Proteas captain Graeme Smith hailed his ace fast bowler Dale Steyn after he helped South Africa to a comprehensive innings and 193-run victory over New Zealand at St George’s Park yesterday. It also helped secure the world No1 Test side’s first home whitewash since 2008.
Steyn charged in with the second new ball to wrap up the Kiwi tail with three quick strikes before the lunch interval.
It took his tally to eight in the match after his 5/17 first innings haul, and propelled him to 13 wickets in the series – the most by any bowler on either side.
“If a batter gives Dale a sniff, he has that killer instinct and is able to step up and make it count,” Smith said after Steyn was named man of the match. “It’s great for us to have that in our environment and he sets the tone for all of us to follow.
“When he bowls like he did in that first spell on the second evening of this Test – hitting his 145-147km mark and swinging the ball – it’s really great to be in the slips and be a part of that moment.”
After singling out Steyn, Smith further enthused about the quality of the entire Proteas fast bowling unit: “When things are going well and bowlers are bowling quickly it’s great, but the difference now is that our attack is relentless and the bowlers can back each other up. Having guys that keep coming at you all day – creating pressure and bowling with pace and intensity – is crucial to our success.”
Sustained success is significantly important to this Proteas outfit. They talk about creating a dynasty, a legacy that will live on long after they have called time on their careers.
It is not short-term pleasures they desire but a long-standing period that will rival the celebrated Australian teams of the mid-1990s to the late 2000s.
They have certainly laid the foundation with successive away series wins over England and Australia. Smith’s Test outfit have also now won five series on the trot, starting with a 2-1 win over Sri Lanka at the beginning of last year. In that cycle, they have only lost one match (to Sri Lanka in Durban) and won eight.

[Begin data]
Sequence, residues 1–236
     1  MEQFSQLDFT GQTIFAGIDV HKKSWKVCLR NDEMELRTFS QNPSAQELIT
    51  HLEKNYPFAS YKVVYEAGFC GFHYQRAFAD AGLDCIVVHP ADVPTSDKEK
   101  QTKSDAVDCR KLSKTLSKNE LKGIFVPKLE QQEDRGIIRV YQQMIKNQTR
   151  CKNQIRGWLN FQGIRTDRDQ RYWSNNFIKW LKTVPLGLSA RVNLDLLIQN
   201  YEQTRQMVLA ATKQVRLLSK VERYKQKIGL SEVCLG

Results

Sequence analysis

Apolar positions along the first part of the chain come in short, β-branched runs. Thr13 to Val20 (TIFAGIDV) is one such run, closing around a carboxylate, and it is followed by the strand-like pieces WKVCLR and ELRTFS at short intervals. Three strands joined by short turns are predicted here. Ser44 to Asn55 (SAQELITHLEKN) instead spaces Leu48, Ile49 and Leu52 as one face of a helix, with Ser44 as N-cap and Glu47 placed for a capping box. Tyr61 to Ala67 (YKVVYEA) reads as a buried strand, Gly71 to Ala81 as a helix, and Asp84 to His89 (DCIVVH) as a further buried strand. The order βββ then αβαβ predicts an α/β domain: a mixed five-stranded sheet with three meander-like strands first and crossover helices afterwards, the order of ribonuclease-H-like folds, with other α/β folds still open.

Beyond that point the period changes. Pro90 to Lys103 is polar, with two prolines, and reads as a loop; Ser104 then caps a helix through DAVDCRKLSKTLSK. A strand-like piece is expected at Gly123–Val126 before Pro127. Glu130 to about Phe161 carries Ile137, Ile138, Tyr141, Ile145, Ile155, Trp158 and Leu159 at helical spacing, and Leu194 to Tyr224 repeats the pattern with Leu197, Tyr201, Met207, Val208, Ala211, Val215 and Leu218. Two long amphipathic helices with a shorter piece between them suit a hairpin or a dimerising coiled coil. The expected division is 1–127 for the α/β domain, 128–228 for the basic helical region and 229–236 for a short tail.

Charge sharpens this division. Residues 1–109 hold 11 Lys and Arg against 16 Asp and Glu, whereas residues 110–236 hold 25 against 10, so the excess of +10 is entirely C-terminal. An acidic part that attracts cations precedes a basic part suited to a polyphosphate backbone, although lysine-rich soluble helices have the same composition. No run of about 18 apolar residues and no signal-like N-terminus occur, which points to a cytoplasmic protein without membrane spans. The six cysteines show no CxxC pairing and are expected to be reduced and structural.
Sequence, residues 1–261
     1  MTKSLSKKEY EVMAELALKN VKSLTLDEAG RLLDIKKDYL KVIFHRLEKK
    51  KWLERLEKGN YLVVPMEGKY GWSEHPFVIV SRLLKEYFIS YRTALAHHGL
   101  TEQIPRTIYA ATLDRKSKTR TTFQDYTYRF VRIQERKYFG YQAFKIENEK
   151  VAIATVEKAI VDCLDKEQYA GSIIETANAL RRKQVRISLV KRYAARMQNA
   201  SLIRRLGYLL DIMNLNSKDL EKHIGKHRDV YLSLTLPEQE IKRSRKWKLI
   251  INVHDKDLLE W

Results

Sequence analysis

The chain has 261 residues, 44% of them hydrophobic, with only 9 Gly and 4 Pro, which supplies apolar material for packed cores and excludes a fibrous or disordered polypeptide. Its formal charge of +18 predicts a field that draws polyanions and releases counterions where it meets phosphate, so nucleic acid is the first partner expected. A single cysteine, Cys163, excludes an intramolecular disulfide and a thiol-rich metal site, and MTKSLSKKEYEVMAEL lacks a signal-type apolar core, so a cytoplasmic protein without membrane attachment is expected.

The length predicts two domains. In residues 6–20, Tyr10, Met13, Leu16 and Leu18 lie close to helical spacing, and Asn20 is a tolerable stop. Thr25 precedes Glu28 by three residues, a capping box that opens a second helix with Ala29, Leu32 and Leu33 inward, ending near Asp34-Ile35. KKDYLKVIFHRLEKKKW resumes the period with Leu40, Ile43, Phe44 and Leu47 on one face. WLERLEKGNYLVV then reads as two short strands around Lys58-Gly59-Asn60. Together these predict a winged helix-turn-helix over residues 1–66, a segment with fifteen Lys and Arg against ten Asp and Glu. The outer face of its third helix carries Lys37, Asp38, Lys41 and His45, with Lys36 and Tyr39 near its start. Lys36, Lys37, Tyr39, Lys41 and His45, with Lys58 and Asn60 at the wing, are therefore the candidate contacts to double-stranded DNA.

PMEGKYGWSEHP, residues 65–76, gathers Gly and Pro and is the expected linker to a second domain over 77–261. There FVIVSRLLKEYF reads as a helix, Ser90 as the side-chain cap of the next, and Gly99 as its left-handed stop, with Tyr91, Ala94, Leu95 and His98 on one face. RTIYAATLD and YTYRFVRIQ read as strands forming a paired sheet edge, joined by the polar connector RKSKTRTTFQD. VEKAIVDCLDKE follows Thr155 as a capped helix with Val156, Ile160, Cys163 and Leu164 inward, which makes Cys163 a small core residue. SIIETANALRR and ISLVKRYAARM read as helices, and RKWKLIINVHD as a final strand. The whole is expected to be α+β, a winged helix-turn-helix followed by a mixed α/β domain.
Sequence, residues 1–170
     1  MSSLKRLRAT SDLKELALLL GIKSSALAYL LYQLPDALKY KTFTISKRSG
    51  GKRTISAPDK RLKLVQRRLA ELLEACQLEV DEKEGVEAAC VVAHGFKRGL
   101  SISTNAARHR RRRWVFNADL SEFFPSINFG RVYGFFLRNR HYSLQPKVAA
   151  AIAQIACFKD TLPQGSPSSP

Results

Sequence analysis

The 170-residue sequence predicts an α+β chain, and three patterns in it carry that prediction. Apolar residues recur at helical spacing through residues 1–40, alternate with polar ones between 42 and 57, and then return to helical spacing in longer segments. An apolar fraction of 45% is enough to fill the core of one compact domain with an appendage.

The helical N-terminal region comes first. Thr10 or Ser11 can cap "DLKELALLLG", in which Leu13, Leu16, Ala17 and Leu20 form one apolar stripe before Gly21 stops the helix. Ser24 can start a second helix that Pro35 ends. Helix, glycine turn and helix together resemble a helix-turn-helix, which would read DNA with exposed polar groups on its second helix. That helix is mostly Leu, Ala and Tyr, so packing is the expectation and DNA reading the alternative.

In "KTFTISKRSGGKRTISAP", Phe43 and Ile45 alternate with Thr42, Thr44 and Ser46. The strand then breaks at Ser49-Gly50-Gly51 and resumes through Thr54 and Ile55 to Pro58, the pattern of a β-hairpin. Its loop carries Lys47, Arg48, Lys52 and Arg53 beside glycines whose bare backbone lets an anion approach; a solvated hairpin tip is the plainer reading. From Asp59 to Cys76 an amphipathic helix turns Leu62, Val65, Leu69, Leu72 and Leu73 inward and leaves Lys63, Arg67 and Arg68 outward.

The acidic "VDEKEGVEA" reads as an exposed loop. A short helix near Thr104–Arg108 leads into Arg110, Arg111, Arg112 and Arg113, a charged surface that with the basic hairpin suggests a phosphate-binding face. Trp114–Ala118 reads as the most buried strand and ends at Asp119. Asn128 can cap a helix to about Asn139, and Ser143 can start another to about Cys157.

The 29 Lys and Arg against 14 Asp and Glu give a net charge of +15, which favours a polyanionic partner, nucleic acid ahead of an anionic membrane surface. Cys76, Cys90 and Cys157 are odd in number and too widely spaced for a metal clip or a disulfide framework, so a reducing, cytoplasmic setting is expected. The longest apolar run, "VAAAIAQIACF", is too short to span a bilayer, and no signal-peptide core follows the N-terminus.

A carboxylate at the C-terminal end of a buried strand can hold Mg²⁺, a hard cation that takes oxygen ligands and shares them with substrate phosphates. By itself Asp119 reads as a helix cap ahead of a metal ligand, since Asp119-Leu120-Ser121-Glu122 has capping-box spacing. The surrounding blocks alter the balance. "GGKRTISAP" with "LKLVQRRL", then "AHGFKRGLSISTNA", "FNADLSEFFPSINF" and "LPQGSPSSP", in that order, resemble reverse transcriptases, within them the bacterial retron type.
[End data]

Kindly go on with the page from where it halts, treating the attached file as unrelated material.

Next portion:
South Africa do not have a hectic travel schedule this year, with only one away series to Pakistan in the UAE. However, they do host Pakistan in a three-match series that gets under way next month. The first Test is at the Wanderers, followed by a trip to Cape Town on Valentine’s Day before returning to the Highveld for the final Test at Centurion.
Mohammed Hafeez’s team is ranked No4 on the ICC Test table and will pose a few more testing questions to the Proteas. Their bowling unit is particularly dangerous, especially now that the tourists have included Mohammad Irfan, who stands 2.16m in his socks.
“Pakistan offers a new challenge. It will potentially be a tough series,” Smith said. They have always been an unpredictable team but they have found lots of consistency of late.
“Obviously he (Irfan) is an unknown factor, but they will have an exciting bowling unit all round and some really experienced batsmen.”
Smith, though, will have to wait a fortnight before he can turn his attention to the Pakistanis as South Africa still have to face New Zealand in three one-day internationals, which start in Paarl this Saturday.
He will have some sort of a breather, though, as he hands over the leadership reins to AB de Villiers for the pyjama kit series.
South Africa completed a comprehensive 2-0 series whitewash over New Zealand yesterday at St George’s Park. Here is our verdict on how the squad rated during the series…
Graeme Smith: 7/10
With South Africa batting only twice in the series, there were limited opportunities for the batsmen. Smith struck a half-century at Newlands and failed at St George’s Park, which affected his average for the series. His leadership was spot on again throughout.
Runs: 55, Ave: 27.50, HS: 52
Alviro Petersen: 7/10